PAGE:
Originally Published: September 25, 2011 10:29 p.m.
When Allison Anderson Cutright Cisneros, an Embry-Riddle Aeronautical University student, asked FBI analysts and an agent during a symposium last week what they wished they had done more of before they started their careers, she received three different answers.
"Language," said James Reichert, a supervisory intelligence analyst for the FBI in Phoenix, who said he wished he'd learned Arabic when he was younger. "You really immerse yourself into the culture and you learn nuances when you learn a language. It answers a lot of questions."
Slowing down, thinking about what you're trying to do, and listening carefully, said Amy Weber, supervisory intelligence analyst from the Tucson office of the FBI.
"The brightest analysis sometimes comes from those who are often the quietest," Weber said.
Investigative procedures, said Marcus Williams, special agent and special events coordinator for the FBI's Joint Terrorism Task Force.
The session was part of the two-day 7th-annual National Security & Intelligence Symposium at Embry-Riddle Aeronautical University presented by the Global Security and Intelligence Studies program at the Prescott campus.
Dr. Phil Jones, a former CIA intelligence analyst and international security expert, and Dr. Richard Bloom created the program after recognizing the growing terrorist threat and the critical need for well-educated intelligence analysts and security officers, said Professor Bob Baker.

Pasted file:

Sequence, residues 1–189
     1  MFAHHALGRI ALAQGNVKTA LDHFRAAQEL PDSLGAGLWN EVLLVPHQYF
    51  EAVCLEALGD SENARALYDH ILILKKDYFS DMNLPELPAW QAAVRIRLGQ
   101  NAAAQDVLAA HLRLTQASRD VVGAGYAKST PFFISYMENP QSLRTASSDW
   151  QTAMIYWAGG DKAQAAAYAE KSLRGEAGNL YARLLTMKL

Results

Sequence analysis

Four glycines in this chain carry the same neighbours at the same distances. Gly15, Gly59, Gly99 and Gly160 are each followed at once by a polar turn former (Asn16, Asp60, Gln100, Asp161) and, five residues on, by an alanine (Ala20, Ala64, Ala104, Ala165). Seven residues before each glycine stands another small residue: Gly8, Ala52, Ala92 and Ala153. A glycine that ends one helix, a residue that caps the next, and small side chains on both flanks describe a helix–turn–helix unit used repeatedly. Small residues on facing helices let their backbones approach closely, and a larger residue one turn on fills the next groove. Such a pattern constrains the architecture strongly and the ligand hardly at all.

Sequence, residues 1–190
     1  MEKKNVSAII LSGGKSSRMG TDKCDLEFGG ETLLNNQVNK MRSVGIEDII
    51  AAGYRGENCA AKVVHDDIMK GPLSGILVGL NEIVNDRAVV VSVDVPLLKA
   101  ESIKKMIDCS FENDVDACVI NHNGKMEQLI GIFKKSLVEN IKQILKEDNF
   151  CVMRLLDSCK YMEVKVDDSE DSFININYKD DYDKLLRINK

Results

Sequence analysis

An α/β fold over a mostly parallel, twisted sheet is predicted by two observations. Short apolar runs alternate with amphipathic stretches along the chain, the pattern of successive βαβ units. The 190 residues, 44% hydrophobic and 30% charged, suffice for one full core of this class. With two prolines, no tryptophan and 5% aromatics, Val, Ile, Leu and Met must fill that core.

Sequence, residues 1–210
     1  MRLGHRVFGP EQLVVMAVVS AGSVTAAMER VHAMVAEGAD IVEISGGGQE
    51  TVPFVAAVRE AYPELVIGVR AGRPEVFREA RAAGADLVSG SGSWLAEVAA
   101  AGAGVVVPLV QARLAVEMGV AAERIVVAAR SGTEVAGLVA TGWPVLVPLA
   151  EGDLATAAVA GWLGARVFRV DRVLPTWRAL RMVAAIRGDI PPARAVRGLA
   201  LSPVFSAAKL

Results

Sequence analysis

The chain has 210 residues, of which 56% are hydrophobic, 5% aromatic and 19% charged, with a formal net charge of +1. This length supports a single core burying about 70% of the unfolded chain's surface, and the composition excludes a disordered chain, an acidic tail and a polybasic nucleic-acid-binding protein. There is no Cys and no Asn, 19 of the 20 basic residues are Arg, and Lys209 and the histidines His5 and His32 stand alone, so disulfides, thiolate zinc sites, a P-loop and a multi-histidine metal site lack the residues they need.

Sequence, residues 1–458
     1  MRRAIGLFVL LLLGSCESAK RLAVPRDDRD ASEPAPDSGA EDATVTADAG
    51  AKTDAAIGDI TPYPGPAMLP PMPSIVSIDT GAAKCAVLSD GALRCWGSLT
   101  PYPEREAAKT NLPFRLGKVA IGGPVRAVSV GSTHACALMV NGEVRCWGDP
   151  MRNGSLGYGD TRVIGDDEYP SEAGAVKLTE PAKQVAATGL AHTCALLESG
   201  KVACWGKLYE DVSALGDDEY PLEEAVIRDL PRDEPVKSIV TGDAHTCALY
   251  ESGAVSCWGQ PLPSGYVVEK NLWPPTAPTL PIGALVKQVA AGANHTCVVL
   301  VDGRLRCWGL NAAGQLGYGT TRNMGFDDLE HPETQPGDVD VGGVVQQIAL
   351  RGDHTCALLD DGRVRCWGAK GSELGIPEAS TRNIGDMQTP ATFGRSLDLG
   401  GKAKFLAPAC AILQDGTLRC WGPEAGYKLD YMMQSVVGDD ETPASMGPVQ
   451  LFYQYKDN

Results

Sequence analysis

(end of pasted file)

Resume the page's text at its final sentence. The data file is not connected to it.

The symposium featured sessions on espionage threats, a case study of crime and terrorism, emerging applications for unmanned aircraft systems, post 9/11 intelligence organization at the FBI, and information about the FBI's Joint Terrorism Task Force among others.
Ju'juan Johnson, a student, asked if there was information the FBI could have shared with the Bureau of Alcohol, Tobacco and Firearms in the recent "Fast and Furious" gun-trafficking operation that might have changed the outcome and the current relationship between the agencies.
"Any time you have an active investigation going, it's something we're not going to comment on," Williams said. "The relationship between the FBI and ATF and all the other federal agencies is exceptional."
The GSIS program at Embry-Riddle is unique in its blending of academic and professional expertise, said Baker, whose background is in law enforcement as well as corporate, government and aviation security.
"The other programs in the U.S. focus either on security or intelligence," Baker said. "Our belief is that understanding both the security and intelligence analysis functions are critical to defending our homeland as recognized in the 911 commission's findings."
The program's standard track, which offers students a choice of learning one of three languages, is the most popular, Baker said. But the Chinese track, in its second year, which focused on language proficiency, has attracted many students, Baker said.
Most students in the program come from high schools and community colleges in the west or are former military.
"Many of the returning veterans under the Yellow Ribbon Program seek out our program, and they add diversity and experience to the student body," Baker said.
For the first time, an educators' workshop at the symposium let high school teachers and counselors know about the growing need for intelligence analysts and security managers, the skills needed for those careers and the role those professionals play in our nation's defense, Baker said.
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